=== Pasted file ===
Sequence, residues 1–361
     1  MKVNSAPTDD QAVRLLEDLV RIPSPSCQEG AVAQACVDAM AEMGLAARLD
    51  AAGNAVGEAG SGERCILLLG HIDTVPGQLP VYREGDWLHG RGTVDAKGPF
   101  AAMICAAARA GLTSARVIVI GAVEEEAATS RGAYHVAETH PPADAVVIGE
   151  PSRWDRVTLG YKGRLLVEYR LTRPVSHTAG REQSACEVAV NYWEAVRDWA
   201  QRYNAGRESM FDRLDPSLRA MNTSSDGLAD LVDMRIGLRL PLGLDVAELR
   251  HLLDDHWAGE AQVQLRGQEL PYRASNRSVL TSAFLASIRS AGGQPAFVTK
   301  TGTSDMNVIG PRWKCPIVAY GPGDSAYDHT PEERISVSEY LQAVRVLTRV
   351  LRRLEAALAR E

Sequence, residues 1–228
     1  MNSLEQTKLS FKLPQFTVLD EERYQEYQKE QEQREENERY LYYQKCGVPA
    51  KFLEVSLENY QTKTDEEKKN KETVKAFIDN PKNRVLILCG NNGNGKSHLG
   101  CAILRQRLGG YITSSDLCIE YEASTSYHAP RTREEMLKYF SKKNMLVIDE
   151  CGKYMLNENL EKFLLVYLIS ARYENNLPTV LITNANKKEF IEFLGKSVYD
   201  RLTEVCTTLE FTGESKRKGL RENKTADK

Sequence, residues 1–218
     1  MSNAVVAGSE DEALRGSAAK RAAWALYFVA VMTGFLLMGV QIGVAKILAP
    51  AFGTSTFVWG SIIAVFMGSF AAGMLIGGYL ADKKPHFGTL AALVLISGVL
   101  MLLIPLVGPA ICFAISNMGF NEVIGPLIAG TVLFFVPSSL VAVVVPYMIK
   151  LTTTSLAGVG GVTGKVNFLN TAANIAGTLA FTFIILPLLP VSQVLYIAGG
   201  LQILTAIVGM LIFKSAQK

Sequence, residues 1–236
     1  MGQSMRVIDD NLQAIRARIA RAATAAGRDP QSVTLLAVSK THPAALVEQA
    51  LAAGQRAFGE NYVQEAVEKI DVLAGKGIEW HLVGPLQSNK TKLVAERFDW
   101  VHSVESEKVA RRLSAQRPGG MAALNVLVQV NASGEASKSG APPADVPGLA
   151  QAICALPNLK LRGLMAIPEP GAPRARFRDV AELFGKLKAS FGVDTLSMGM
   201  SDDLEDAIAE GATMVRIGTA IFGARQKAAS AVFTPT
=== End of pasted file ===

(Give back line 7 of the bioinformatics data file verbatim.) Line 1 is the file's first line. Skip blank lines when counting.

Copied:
   251  HLLDDHWAGE AQVQLRGQEL PYRASNRSVL TSAFLASIRS AGGQPAFVTK